Feds take steps to regulate distracted driving

Last week, we discussed New York state efforts to reduce distracted driving by increasing the penalties for using a handheld cellphone or texting while driving. But, state lawmakers aren't the only ones working to address the problem. The federal government is also taking action to stop the scourge of distracted driving accidents.

To that end, last, the National Highway Traffic Safety Administration put forth new guidelines asking vehicle manufacturers to limit the functions of potentially distracting onboard electronic devices like communication, entertainment and navigation systems.

The guidelines ask manufacturers to limit the time drivers will need to take their eyes off the road to use onboard electronic devices. The NHTSA proposed a maximum of two seconds per task and a total of 12 seconds overall. The NHTSA also wants vehicle makers to prevent drivers from using certain devices - including video entertainment, text messaging and Internet browsing - unless the vehicle is fully stopped and in the park.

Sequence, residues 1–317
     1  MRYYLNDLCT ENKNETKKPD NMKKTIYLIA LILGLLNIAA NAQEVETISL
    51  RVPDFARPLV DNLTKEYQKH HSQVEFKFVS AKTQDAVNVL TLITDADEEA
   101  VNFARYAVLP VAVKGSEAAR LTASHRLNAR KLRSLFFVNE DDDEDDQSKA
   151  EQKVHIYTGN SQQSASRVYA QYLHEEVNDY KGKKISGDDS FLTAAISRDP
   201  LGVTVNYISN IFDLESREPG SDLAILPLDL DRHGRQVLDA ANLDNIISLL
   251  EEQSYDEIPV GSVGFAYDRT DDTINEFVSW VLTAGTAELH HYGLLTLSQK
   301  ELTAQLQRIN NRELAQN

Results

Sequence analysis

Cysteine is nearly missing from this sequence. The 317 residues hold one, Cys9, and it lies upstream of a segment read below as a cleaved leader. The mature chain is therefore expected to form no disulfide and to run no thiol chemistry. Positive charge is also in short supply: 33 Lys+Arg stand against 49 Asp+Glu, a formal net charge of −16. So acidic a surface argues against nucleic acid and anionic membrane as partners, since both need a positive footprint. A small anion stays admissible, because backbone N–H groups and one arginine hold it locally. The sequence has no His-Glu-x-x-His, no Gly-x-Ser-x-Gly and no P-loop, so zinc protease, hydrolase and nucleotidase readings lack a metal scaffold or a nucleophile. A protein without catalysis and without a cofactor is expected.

The safety advocacy group Consumers Union (part of the same organization as Consumer Reports) praised the move but said it hoped that the agency would consider imposing mandatory standards instead of voluntary guidelines. Under a mandatory standard, manufacturers could face civil penalties if they do not comply with the regulation.

The Alliance of Automobile Manufacturers was in favor of the NHTSA's move but noted that much of the danger comes from people using cellphones to send text messages or browse the Internet while driving. The proposed guidelines will not do anything to address this issue.

Because of the long approval process, the guidelines are not expected to go into effect for another few years.


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